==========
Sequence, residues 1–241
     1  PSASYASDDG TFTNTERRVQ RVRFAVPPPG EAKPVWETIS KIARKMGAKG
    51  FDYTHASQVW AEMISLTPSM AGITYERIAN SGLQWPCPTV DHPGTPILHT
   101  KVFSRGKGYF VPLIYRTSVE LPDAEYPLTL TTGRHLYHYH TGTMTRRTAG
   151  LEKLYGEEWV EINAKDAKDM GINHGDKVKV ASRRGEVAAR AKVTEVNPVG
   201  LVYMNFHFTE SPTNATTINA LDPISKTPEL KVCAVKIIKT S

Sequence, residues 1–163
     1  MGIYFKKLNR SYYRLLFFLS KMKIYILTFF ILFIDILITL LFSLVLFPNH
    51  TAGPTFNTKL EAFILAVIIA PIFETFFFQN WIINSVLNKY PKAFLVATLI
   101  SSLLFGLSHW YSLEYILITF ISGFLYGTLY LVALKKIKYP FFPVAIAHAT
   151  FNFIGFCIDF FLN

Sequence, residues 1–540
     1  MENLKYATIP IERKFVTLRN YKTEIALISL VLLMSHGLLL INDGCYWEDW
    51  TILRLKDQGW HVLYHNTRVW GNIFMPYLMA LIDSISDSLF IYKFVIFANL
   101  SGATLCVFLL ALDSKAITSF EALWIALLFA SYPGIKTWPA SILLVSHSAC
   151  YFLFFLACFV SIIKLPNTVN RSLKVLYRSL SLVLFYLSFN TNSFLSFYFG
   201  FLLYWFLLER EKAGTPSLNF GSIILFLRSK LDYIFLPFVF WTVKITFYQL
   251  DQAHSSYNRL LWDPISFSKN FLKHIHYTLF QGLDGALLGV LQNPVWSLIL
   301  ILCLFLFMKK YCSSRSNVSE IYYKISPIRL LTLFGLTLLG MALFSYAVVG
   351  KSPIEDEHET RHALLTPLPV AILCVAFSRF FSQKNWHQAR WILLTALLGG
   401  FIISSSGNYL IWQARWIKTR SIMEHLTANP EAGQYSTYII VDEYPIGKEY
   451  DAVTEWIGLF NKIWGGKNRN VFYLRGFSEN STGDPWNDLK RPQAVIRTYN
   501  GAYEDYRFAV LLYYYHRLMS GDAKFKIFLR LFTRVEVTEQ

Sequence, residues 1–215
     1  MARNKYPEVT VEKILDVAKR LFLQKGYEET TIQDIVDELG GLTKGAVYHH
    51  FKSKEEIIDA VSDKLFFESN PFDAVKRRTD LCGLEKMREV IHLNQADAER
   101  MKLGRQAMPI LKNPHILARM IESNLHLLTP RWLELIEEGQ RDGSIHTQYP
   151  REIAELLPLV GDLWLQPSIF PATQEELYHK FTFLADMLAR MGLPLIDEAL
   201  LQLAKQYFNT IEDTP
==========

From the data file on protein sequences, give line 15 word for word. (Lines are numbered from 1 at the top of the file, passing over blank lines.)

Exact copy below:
   101  SGATLCVFLL ALDSKAITSF EALWIALLFA SYPGIKTWPA SILLVSHSAC